Devin Booker’s great 2018-19 season: By the numbers
The Suns’ 2018-19 season is coming to a close, and for many people, it has been one that would be better off forgotten.
For the fourth straight year, the team found itself with one of the worst records in the whole league. On top of that, they had some less than flattering information come out about their internal operations in an in-depth article done by ESPN.
There was one big bright spot in Phoenix, however, and that was the continued excellence of Devin Booker.
The 22-year-old’s fourth season in the league was his best one yet, as he put up the best stats of his young career and took another step toward NBA superstardom.
Here is Devin Booker’s 2018-19 season, by the numbers:
Booker has already been ruled out for the remainder of the Suns’ season, which means that he finished the year averaging 26.6 points, 6.8 assists and 4.1 rebounds per game. These numbers put him in some great company, as only six players have finished a season averaging at least 26 points, 6 assists and 4 rebounds per game since his debut in 2015.
These players are James Harden, LeBron James, Steph Curry, Damian Lillard, Russell Westbrook and Booker. Not a bad list to be a part of.
The 26.6 points per game mark that Booker posted this season ranked eighth in the whole league, and helped further cement his place as one of the best scorers in the league right now.
Booker only trailed Harden, Paul George, Giannis Antetokounmpo, Curry, Joel Embiid, James and Kawhi Leonard on the points per game leaderboard, and all of the names above him are widely seen as viable MVP candidates.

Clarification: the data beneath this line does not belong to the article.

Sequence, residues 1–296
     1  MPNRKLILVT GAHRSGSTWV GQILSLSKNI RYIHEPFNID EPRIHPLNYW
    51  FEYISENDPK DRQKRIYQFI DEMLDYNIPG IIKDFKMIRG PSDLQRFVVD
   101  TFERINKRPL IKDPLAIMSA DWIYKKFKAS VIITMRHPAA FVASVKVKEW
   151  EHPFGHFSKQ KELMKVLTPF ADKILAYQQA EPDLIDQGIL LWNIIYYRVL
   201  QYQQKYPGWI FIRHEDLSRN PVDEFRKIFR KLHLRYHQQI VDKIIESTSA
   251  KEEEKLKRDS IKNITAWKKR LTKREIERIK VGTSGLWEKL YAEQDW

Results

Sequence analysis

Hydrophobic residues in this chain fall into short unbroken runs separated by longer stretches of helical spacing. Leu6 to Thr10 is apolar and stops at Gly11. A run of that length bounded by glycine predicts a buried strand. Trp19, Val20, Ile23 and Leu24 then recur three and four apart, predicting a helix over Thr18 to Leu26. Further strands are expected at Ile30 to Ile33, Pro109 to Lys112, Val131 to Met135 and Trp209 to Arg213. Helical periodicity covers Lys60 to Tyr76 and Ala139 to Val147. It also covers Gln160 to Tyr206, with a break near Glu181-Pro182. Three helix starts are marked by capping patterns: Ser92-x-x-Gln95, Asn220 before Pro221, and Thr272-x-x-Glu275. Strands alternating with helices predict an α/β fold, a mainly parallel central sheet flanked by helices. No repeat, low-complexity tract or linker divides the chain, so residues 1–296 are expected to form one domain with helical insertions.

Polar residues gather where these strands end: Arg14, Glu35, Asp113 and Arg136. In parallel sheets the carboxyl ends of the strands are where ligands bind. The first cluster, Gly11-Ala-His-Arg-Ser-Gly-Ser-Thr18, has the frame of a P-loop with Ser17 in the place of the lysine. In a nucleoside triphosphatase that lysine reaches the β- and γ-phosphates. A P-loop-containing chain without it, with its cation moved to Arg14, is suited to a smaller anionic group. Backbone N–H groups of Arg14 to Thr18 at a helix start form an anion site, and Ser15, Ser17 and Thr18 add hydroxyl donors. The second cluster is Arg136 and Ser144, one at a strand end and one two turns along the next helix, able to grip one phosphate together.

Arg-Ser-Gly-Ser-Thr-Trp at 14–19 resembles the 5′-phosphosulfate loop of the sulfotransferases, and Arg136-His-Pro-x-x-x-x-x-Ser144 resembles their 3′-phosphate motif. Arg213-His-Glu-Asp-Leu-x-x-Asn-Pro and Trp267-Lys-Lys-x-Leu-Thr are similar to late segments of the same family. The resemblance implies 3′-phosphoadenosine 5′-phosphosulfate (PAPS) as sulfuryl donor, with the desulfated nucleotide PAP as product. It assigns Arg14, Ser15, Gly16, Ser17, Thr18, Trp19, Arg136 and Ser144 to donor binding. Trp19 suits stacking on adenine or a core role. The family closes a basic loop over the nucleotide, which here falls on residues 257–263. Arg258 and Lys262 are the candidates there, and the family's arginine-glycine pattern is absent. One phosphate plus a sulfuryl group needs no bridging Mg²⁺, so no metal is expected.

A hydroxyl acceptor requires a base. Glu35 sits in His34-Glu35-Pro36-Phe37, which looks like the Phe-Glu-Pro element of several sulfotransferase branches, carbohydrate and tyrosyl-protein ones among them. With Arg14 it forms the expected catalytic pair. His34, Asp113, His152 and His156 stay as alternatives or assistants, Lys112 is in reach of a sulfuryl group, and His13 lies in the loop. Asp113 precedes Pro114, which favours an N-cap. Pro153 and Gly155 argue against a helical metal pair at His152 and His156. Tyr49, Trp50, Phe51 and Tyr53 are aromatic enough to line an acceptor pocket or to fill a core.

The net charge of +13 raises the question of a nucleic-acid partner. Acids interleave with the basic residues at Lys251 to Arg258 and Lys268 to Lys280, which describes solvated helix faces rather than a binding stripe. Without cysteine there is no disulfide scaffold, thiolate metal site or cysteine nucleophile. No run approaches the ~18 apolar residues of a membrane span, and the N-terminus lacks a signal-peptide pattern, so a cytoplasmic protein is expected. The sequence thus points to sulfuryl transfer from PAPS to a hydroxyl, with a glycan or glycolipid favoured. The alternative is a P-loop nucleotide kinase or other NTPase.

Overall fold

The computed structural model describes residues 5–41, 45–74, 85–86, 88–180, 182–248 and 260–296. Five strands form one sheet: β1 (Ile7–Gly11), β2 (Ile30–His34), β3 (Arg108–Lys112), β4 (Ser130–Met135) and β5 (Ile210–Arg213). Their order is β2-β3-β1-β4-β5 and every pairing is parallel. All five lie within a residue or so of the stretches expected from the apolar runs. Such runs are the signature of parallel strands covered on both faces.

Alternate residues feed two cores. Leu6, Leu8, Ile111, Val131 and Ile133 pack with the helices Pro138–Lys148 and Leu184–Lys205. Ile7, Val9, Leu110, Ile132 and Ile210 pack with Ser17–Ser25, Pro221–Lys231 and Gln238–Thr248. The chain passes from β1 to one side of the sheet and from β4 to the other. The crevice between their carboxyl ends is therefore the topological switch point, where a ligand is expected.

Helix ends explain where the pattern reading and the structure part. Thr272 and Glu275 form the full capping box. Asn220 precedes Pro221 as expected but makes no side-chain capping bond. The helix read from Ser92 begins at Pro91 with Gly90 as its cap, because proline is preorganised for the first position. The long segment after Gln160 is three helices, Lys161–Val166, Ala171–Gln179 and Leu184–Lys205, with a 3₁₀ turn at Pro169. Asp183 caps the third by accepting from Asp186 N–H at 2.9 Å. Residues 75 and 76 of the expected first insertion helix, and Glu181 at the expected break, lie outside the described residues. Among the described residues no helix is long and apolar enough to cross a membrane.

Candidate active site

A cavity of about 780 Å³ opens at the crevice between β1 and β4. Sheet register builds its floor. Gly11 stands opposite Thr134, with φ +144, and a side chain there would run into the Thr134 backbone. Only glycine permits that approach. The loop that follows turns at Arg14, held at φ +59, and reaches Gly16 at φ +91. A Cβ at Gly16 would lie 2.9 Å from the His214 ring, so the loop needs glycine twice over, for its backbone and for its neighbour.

Not only did Booker increase his scoring output this season, but he also became more efficient while doing it.
Booker’s field goal percentage hovered around 43 percent for the first three years of his career, but this season, it jumped all the way up to 46.7 percent. This was mainly due to his increased efficiency on two-pointers, as his two-point field goal percentage rose almost eight percent from last year to this year.
Only James, Curry, Antetokounmpo, Leonard and Embiid averaged more points while shooting a higher percentage from the field than Booker did this year.
Because of the Suns’ lack of an established point guard, Booker was forced to take on playmaking duties on top of his scoring load. That part of his game improved a good amount as a result of this, as his 6.8 assists per game and 1.64 assist-to-turnover ratio were easily career bests.
Not many others were able to match Booker’s blend of scoring and playmaking, as he was one of only 3 players in the league (along with Harden and James) to average at least 26.5 points and 6.5 assists per game.
Although Booker’s total rebounds per game saw a slight decline from last year, he still ranked in the upper echelon of guards in that department.
Booker’s mark of 4.1 rebounds per game ranked No. 19 among guards and was only half a board away from landing him in the top 10 of that list.
Booker reached a number of different milestones this season, one of which being 5,000 career points. He reached this mark on career game No. 245, which made him the second-fastest Sun to do so behind Walter Davis, who did so in 215 games.
He also became the fifth-youngest player to reach 5,000 points, behind James, Kevin Durant, Carmelo Anthony and Dwight Howard.
Booker’s final act in the 2018-19 season was a great one, as he became the youngest player in NBA history to score 50 points in back-to-back games.
The first of these came on March 25, when he scored 59 points against the Jazz. Two days later, he followed that up by dropping 50 points and 10 rebounds against the Wizards.
Booker almost did it in three straight games as well, as he fell two points shy of the 50 mark against the Grizzlies in his next game.
Booker’s excellent game against the Jazz helped him reach another milestone, as he became just the sixth player in NBA history to have multiple games of 59 points or more. The first of these came two seasons ago when he scored 70 points in a game against the Celtics.
The other five names on this list are Wilt Chamberlain, Kobe Bryant, Michael Jordan, Elgin Baylor and James Harden. Again, not a bad group to be a part of.